Startup Spokane Blog
News and Happenings From Spokane’s Startup Scene
As is often the case with entrepreneurial ideas, the Game Set Match (GSM) app was born from the irritation of a persistent problem. “My partner, Chief Technologist, and avid tennis player, C.J. Bordeleau, struggled to find similarly skilled playing partners to himself as he traveled the country on business” says Marsh Sutherland, CEO of GSM. Additionally, the US Tennis Association’s (USTA) National Tennis Rating Program (NTRP) for individual players proved inconsistent across geographic regions.
The problem demanded a solution – and that solution became Game Set Match.
Game Set Match is one part community forum for the tennis world and one part player improvement tracker. Currently boasting more than 300 users, most in Spokane but with pockets in Boston and New York City as well, the app allows players to find and communicate with each other to set up matches. A recent adopter and promoter of the app is Jeff Urie, Director of Tennis at the Spokane Club. “This app is a great way for members and other players to play more challenging matches, making them more prepared when USTA leagues and tournaments roll around” says Jeff. Marsh and C.J. are working to increase usage of the app and take advantage of the more than 13,000 private tennis courts in the US, all of which are listed in GSM.
Unique to this app is its utilization of the Elo Rating System which, originally used to rank chess players, is being introduced to the tennis world for the first time through GSM. The basis of this system, which takes into account the skill level of an opponent when ranking a player based on wins and losses, overcomes the geographic inconsistencies plaguing the NTRP system. “Players risk ranking points every time they play a GSM match, which gives them some ‘skin in the game'” Jeff at the Spokane Club says. As players improve their game and win more matches, the app allows them to seek out and schedule matches with higher-skilled opponents.
Click here to sign up and challenge a friend to a match! Marsh and C.J. are also looking for advisors who can offer domain knowledge in either tennis or people matching applications. You can reach them through their Facebook page here.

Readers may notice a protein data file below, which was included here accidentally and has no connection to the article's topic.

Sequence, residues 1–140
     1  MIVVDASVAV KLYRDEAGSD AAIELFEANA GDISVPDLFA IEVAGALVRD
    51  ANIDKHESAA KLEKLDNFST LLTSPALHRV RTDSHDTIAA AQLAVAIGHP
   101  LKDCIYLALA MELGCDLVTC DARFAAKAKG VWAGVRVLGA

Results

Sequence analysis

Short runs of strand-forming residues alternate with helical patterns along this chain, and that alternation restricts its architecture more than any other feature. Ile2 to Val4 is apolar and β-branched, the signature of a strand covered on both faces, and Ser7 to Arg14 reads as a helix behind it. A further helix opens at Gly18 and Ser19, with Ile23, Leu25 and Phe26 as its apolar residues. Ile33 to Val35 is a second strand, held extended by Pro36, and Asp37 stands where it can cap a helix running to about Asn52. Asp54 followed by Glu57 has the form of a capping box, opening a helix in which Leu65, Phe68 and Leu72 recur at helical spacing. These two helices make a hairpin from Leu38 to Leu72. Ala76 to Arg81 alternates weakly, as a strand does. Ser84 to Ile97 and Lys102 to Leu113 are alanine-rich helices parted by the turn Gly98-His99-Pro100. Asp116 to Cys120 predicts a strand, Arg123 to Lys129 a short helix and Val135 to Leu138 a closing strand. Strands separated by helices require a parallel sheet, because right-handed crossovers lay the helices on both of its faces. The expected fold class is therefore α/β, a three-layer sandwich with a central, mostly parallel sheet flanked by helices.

When asked to share his best piece of advice for startups, Marsh, a self-described serial entrepreneur, emphasizes the importance of traction. “Launched apps are nice, but if they don’t get usage then it’s just a fun hobby. A startup needs traction to know it’s viable and will grow before ever seeking any investment money” Marsh offers. “A good traction benchmark is to show 5% week-over-week growth in the one metric that matters for 10 weeks. Then seek investment if you truly need it to grow.”
After spending the past few years focusing efforts around entrepreneurship as an economic development strategy, the greater Spokane region has successfully established the foundation for supporting startups. We have convened nearly 50 organizations, all of whom are touch points for entrepreneurs, startups and small businesses. We are working collaboratively, and referring entrepreneurs and businesses to the appropriate resources at the appropriate time. The volume of activity has significantly increased over the past twelve months, and it’s now time to focus on the next objective – creating more idea flow in our region.
We have eight colleges and universities in our immediate region. They are educating nearly 70,000 students every year, and most of the recent graduates export out of our region for lack of high paying jobs. We also have many “boomerangers”, young people who initially leave our region, but later return to start families and enjoy a better quality of life. But the challenge still exists – how can we create more high growth businesses in our region so that there are high paying jobs for our graduates and boomerangers?
The answer is simply that we must focus on harnessing more ideas from our students, faculty, researchers, business and industry, and our communities. In a recent meeting with Mark VanDam, WSU’s Entrepreneur Faculty Ambassador, I learned that there are a myriad of researcher led ideas and prototypes that are sitting on the shelf for lack of time, interest, or business experience to take them from idea to product.
Industry also has challenges they need to solve for their respective businesses. For example, at Avista we have an innovation work group that is focusing on exploring new innovations that create more efficient processes internally, or provide value-add products and services for our customers. We recently initiated a web-based challenge on MindSumo that posed the question, “How will you partner with energy utilities of the future?” During the 30-day submission window, Avista received 110 entries, primarily from college students across the country. Out of the 110 submissions, Avista received approximately 20 submissions that were new innovative ideas or validated existing ideas that Avista had been internally contemplating.